There are different types of programmable thermostats designed to fit a variety of preferences. The most common have two settings: weekday and weekend. Others are programmed for weekdays, Saturdays and Sundays. Some may have a unique setting for each day of the week, and some are can be controlled over a network using a portable device such as a smartphone. Almost all allow you to set a heating and cooling temperature and a start time for morning, day, evening and night, providing you with a comfortable house no matter what your schedule is.

The benefit of these new models over older thermostats is that you won’t have to pay for heating or cooling while you are not home. No forgetting to turn off the heat at night and racking up your bills, and no more struggling to cool your house all the way down after turning your AC off for the day. And, because a sophisticated thermostat will correct your temperature quickly, you really won’t ever notice the difference.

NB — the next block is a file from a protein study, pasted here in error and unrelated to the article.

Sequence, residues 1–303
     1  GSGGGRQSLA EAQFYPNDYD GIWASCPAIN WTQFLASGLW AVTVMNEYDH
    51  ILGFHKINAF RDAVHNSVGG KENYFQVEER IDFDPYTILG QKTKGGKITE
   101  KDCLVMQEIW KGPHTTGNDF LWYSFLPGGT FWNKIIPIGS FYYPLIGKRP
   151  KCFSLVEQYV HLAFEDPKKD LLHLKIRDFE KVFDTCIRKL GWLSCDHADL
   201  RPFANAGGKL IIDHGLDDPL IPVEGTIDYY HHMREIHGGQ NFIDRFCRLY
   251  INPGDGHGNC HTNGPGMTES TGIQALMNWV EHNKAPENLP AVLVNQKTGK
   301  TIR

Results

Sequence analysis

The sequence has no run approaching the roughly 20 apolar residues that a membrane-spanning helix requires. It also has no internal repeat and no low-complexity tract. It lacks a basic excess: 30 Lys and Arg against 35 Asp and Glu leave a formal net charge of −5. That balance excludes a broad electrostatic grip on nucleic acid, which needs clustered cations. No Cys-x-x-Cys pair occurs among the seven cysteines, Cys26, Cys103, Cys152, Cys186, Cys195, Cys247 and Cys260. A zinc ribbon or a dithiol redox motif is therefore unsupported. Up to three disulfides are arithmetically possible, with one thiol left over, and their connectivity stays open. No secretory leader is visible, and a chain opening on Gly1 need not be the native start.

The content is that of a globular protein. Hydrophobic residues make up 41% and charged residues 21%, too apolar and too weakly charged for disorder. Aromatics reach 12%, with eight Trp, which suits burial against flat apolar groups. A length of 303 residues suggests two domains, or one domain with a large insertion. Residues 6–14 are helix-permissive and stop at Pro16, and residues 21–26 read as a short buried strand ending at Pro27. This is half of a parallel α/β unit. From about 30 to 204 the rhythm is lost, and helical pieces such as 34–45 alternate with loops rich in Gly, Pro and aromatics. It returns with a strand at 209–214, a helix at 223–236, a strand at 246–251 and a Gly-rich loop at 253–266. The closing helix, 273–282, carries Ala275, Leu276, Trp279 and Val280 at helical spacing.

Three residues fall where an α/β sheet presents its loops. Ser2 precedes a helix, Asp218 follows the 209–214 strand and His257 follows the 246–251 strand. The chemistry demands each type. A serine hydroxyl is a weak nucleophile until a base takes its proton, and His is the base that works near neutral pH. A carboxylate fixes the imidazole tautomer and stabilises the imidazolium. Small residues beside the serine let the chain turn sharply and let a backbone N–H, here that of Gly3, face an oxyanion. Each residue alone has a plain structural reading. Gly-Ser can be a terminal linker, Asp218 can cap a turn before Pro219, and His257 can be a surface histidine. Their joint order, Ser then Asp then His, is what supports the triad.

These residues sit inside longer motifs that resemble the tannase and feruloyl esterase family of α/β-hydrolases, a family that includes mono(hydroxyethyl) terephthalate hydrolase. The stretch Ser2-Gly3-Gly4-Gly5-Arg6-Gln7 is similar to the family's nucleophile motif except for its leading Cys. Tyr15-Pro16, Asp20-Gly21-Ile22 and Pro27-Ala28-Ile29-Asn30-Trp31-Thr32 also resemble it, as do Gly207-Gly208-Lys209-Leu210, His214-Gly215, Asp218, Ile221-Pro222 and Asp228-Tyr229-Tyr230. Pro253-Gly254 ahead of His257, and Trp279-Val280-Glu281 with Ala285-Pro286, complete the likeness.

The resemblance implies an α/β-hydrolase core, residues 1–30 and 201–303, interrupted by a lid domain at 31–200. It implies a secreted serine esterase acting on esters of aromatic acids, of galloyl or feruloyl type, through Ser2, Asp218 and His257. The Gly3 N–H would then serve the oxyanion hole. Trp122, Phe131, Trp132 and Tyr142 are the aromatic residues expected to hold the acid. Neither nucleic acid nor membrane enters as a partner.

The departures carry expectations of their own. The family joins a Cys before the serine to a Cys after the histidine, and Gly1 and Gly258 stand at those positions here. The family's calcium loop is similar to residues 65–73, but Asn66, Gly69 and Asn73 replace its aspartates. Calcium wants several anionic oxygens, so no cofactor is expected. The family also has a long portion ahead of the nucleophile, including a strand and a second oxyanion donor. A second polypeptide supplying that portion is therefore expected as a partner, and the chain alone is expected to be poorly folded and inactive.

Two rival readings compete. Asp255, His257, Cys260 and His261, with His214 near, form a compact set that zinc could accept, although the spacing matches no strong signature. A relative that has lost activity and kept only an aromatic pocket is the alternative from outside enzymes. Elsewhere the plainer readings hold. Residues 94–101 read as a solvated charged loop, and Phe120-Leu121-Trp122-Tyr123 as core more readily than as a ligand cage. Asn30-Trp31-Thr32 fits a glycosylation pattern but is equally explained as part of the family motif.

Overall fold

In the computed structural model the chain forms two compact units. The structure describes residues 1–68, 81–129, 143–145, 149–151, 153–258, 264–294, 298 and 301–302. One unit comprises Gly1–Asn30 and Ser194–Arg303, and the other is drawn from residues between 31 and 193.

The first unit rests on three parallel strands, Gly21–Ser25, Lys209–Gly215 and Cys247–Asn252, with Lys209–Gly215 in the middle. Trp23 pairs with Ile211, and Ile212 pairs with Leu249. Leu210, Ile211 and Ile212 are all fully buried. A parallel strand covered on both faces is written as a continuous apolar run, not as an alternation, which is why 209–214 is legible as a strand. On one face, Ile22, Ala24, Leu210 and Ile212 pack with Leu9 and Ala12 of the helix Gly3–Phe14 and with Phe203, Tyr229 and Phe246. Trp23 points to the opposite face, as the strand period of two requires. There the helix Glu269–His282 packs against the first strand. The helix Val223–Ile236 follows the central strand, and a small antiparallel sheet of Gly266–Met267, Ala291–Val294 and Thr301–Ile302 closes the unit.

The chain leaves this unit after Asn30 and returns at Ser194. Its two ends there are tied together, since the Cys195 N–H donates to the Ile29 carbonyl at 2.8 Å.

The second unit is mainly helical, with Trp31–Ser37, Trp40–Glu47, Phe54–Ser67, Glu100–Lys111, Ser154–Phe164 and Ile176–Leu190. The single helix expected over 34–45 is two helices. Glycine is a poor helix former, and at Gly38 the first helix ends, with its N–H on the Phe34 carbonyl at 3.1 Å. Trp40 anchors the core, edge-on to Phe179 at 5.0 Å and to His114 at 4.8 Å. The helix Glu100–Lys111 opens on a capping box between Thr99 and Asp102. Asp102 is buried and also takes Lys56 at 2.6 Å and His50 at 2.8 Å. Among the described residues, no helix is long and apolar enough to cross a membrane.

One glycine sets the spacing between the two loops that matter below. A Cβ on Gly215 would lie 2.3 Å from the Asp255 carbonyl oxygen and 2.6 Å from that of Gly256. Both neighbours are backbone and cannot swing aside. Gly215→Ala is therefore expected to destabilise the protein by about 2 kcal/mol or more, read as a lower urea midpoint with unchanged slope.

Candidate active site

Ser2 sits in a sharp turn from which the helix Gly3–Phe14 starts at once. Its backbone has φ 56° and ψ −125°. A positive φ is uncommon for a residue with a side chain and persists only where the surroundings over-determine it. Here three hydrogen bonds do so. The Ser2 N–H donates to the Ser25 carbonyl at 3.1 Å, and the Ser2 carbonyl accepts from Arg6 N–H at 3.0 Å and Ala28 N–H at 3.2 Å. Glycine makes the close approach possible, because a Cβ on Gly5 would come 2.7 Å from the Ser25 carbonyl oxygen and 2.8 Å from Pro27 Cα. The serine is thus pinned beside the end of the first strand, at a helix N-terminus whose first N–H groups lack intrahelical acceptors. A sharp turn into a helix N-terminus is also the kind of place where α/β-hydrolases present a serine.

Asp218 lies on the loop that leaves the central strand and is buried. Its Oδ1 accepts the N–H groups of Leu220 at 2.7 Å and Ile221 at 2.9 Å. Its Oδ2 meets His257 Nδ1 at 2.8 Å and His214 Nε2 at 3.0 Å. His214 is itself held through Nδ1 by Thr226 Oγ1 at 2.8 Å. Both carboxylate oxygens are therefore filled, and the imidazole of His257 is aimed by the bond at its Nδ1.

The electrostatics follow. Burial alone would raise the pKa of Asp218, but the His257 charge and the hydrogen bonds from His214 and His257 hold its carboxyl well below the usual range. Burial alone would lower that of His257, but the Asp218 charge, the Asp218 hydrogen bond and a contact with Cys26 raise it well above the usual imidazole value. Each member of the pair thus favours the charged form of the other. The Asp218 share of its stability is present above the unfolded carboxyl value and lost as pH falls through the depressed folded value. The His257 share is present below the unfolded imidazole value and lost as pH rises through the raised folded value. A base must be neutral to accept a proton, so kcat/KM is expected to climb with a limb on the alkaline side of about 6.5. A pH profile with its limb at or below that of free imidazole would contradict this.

TemperaturesFor the greatest energy savings, you want to lower your heat setting and raise your cooling setting by at least 5 degrees during “off” periods. Changing your nighttime settings alone can significantly reduce your monthly energy use. This is something that’s outright impossible on old dial thermostats, and while there are older clock-style thermostats that do have programmable “zones,” there’s usually only a single “hot” and “cold” setting, which can actually lead to more discomfort, as they’re not designed to fit your schedule.